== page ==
on Nov 04, 2011 01:45 PM • Views 9619
Media Contact: Carolyn Rickard, Public Information Officer
919-707-0124
carolyn.rickard@ncwildlife.org

RALEIGH, N.C. (November 4, 2011) – With hunting season under way, the N.C. Wildlife Resources Commission has posted information on its website about the new Landowner Protection Act.

The law, which went into effect Oct. 1, requires hunters, anglers and trappers to obtain written permission from a landowner or leaseholder before hunting, fishing or trapping on privately owned, posted property — including land, waters, ponds or legally established waterfowl blinds.

The Wildlife Commission’s website, www.ncwildlife.org, has answers to frequently asked questionsa fact sheet and a sample permission form (full size and wallet size) about this law.

The Landowner Protection Act provides two ways for landowners to post their lands to allow only hunters, trappers and anglers with written permission to enter their property legally. Landowners can now post their land by using vertical purple paint marks on posts or trees, or, as in the past, by placing signs or posters.

The Landowner Protection Act specifically relates only to hunting, fishing or trapping on posted lands. It clarifies the existing N.C.G.S. 14-159.6 requirement for written consent to hunt, fish or trap on posted lands by specifying that written permission, dated within the past 12 months and signed by the landowner, leaseholder or agent of that land, be carried and displayed upon request of any law enforcement officer. If a hunting club has leased the land, a person shall have a copy of their hunting club membership and a copy of the landowner permission granted to that hunting club.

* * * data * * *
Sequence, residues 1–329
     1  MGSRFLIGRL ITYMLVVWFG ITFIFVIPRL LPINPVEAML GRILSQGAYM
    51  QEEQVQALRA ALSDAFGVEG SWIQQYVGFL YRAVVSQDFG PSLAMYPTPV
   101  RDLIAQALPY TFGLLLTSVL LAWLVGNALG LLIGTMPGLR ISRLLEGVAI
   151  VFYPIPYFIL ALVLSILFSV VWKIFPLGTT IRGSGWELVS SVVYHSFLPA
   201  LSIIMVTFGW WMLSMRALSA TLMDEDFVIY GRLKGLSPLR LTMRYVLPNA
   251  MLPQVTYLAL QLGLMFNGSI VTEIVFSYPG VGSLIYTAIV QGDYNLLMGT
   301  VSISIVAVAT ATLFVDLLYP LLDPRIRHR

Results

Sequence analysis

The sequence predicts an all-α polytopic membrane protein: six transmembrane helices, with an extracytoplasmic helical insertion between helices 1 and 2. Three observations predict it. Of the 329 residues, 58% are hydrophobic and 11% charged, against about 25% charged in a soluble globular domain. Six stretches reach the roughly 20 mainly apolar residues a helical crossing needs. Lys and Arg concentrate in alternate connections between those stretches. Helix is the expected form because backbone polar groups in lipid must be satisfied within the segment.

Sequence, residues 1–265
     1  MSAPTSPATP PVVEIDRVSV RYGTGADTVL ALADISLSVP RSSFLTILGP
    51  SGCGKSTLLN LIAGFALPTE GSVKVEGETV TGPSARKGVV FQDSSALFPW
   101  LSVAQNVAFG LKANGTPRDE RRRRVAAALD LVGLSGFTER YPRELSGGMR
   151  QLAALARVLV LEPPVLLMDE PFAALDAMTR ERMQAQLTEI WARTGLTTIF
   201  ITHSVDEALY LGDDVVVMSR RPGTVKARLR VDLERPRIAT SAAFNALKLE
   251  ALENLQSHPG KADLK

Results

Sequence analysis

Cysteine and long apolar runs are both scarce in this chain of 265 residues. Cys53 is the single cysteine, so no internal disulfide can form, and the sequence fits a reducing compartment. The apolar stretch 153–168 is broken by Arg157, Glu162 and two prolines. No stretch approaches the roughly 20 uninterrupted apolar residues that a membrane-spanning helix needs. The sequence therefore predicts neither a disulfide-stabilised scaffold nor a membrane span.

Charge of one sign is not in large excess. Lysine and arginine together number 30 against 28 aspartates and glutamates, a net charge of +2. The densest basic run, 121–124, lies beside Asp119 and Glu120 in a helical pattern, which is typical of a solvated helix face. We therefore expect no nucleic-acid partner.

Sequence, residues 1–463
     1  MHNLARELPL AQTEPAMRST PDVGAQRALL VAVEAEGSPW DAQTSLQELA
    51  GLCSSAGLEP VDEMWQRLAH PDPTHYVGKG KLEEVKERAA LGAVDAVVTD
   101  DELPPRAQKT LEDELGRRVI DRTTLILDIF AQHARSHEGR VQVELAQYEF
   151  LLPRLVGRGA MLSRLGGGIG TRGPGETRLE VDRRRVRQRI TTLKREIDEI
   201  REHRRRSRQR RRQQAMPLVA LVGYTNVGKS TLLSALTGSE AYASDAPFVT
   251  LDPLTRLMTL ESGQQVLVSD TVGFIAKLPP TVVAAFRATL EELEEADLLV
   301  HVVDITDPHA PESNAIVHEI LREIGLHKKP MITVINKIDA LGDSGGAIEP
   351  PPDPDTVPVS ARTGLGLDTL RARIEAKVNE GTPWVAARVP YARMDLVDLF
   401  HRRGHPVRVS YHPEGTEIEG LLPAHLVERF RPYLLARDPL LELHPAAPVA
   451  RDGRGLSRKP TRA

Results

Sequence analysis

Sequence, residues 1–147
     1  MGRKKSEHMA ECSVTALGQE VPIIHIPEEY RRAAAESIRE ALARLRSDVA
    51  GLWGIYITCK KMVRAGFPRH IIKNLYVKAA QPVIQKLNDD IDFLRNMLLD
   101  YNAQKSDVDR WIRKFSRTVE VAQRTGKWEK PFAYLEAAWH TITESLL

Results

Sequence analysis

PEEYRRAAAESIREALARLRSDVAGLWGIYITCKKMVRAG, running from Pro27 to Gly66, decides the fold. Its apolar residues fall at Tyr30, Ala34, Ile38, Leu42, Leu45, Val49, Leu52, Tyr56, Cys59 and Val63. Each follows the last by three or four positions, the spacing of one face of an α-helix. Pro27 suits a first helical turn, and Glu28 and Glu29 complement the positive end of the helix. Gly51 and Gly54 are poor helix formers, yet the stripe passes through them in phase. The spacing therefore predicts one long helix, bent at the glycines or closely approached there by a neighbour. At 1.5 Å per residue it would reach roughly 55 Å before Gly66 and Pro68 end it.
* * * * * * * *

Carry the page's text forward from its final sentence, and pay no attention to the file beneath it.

The Landowner Protection Act does not change general trespass laws or affect lands that are not posted. It does not repeal any local acts currently in effect that require written permission to hunt, fish or trap.

Under existing landowner liability law, landowners providing permission for hunting or fishing on their property, without charge, assume no more liability than currently is afforded a trespasser, in accordance with N.C.G.S. 38A-4.